Haida Nation fears it's facing ‘dire situation’ from drifting ship carrying 500 metric tonnes of bunker fuel - APTN NewsAPTN News

Haida Nation fears it’s facing ‘dire situation’ from drifting ship carrying 500 metric tonnes of bunker fuel

APTN National News
The crew of a Russian-flagged container ship drifting off Haida Gwaii’s west coast is trying to repair its stalled engines before the situation turns into a potential environmental incident, says a spokesperson for the Canadian Coast Guard.

Coast Guard spokesperson Dan Bate said if the crew can’t restart its engines, then the situation could get tricky. Bate said there are preparations to try and intercept the ship and have it towed or the crew may be forced to abandon the vessel before it runs aground.

“Currently it is a search and rescue case, it is not an environmental response issue. There is a risk of it, but not at this point,” he said.

The container ship, called the Simushir, was travelling from Port Angeles in Washington State. It lost power at about 1:30 a.m. local time Friday, according to the Council of the Haida Nation. The statement said that the ship is adrift about 19 kilometres west of Gowgaia Bay.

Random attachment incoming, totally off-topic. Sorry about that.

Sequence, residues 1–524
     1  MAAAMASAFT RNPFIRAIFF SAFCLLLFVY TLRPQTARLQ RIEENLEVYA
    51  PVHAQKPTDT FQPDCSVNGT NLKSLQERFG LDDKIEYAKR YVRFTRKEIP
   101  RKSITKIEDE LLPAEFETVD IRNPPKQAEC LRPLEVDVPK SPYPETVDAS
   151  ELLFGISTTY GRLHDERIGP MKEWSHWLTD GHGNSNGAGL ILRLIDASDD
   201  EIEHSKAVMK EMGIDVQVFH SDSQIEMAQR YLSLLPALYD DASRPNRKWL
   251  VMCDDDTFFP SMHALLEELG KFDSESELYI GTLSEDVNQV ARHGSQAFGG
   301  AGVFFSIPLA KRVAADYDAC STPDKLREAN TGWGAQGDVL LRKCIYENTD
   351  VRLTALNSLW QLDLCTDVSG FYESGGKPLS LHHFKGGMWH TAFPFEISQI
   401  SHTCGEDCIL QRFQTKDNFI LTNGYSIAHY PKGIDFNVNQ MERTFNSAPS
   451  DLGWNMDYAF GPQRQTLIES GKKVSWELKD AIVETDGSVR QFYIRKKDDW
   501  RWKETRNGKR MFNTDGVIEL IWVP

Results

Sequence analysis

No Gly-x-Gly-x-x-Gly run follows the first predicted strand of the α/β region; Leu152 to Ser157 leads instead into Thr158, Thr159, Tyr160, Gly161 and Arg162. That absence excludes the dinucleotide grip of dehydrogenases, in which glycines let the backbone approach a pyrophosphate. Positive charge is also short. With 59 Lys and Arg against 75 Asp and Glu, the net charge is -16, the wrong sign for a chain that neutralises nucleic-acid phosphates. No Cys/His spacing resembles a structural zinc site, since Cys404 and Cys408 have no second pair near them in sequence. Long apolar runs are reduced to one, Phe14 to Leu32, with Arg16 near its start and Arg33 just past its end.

The container ship is carrying mining equipment along with 500 metric tonnes of bunker fuel and 60 metric tonnes of diesel.

Bate said he did not know where the ship was headed before its engines lost power.

“It is a developing scenario,” said Bate.

Acting Sub. Lt. Ron MacDougall, with the Canadian Force’s joint rescue co-ordination centre in Victoria, told The Canadian Press that there were 11 passengers on board and a helicopter was dispatched to remove the ship’s captain, who is injured.

The U.S. Coast Guard has a helicopter on standby, said MacDougall.

MacDougall said heavy winds were expected Friday and there are concerns the vessel could run aground

The Haida Nation statement said two tug boats were also sent from Alaska and Prince Rupert, B.C., to try to intercept the ship, but the vessels are still about 20 hours from the location.

The Haida Nation said it was setting up a command post in Old Masset to deal with what it calls a “dire situation.”

“The Haida Nation’s worst fear is coming true,” said Haida Nation President Peter Lantin, in a statement. “Our priority is to minimize the impact on our homeland and get our people on-site to start dealing with the grounding. We’ll deal with the politics of the situation later.”

The Haida Nation believes if the current weather forecast holds, the ship will run aground.

The Department of Fisheries and Oceans said on Twitter it was monitoring the situation along with Transport Canada and the Canadian military.

-with files from The Canadian Press

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